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April 2000

Wilderness Wind: Blown Away

The wind can save you from bugs or drive you mad. Here's how to enjoy the benefits and avoid the downside of a good stiff breeze.


With so many seemingly whimsical forces involved, what’s a wind-battered hiker to do? Don’t despair. There’s enough method to this breezy madness that you can develop some coping strategies. Consider my wind-watching grandmother, who favored a little phrase backpackers would do well to remember: “West wind, best wind,” she said, and she was usually right. For many parts of the northern hemisphere, winds that blow from the west bode well for stable weather patterns. The flip side is that easterly winds, often caused by the counterclockwise spin of a low-pressure system, usually bring instability and some kind of precipitation. It’s for good reason that weather-wise New Englanders declare, “When the wind is blowing in the East, ‘Tis not fit for man nor beast.”

Likewise, sudden swings in wind intensity or direction almost always bring a change in the weather. So here’s another one to pack in your mental gear: “A backing wind means storms are nigh; a veering wind will clear the sky.” Translation? Think of a compass. Veering refers to a clockwise wind shift, say from north to east, which often brings fair weather. A backing wind shift goes backward, or counterclockwise, from north to west. Bad weather won’t be far behind. In unfamiliar terrain, your compass will serve you well not only for navigation, but also for reading the wind and weather.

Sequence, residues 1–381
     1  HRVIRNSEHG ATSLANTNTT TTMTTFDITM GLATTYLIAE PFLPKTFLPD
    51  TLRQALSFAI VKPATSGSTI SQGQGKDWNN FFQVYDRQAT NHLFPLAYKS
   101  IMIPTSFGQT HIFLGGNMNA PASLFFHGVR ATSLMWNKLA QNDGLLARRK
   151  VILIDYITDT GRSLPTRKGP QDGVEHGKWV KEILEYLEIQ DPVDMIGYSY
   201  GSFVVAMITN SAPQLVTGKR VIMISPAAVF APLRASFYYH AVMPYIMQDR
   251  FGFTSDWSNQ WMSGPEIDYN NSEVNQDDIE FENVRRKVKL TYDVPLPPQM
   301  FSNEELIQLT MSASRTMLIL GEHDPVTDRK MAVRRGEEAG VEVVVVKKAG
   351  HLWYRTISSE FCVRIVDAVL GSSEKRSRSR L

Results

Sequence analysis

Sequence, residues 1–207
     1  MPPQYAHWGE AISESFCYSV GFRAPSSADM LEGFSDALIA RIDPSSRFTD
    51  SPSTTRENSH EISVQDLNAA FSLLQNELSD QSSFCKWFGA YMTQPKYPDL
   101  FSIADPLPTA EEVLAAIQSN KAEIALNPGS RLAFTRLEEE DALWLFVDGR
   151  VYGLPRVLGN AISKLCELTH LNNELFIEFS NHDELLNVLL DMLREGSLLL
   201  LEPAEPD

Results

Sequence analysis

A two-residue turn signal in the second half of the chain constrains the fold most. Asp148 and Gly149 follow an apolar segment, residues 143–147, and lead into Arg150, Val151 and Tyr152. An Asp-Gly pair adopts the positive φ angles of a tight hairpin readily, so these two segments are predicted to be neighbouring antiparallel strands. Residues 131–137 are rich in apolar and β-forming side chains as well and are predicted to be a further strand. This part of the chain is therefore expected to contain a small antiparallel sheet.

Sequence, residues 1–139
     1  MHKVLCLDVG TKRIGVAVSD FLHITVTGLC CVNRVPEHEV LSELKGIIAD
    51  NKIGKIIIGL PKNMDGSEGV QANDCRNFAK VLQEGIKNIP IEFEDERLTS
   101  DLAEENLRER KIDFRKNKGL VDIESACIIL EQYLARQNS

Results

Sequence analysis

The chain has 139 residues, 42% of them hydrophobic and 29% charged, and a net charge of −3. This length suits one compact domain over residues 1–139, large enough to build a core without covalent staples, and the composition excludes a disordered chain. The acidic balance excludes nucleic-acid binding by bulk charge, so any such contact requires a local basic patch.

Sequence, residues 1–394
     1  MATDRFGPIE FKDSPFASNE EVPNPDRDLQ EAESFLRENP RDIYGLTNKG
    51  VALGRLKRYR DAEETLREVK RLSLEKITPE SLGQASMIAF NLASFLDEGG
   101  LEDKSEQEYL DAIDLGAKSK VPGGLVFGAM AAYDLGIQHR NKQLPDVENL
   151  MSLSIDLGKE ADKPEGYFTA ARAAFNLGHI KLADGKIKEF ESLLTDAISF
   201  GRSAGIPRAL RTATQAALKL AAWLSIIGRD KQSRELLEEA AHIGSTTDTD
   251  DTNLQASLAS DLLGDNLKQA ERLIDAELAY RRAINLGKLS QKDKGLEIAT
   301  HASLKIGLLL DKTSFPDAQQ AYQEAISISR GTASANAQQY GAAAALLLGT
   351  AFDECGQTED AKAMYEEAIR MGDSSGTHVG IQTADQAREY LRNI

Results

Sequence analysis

This is something probably every hiker has figured out: Wind speed increases with elevation. But what you may not realize is the impact it has on your body. “Even a small increase in wind speed can dramatically increase wind stress on you,” says DeBlieu. “A doubling of wind speed from 10 to 20 miles per hour quadruples the stress–or force–on your body.”

If the wind is really howling, hunch over or crawl if you must. Not only will your center of gravity be lower and more stable, you’ll also be traveling in less forceful wind at ground level. Plus you’ll be giving the wind less surface area to slam into, which is why low-profile tents are generally more wind-worthy than those with steep sides and a high profile.

If you’re planning on hiking or making camp up high, remember that the average wind speed in the mountains is always greater than down below. And if you’re going above treeline, the lack of windbreaks makes for an even more dramatic difference. So pack in wind-shedding clothing like a rain jacket and pants, or a lightweight nylon pullover and wind pants, even if it’s dead calm at the trailhead down low.

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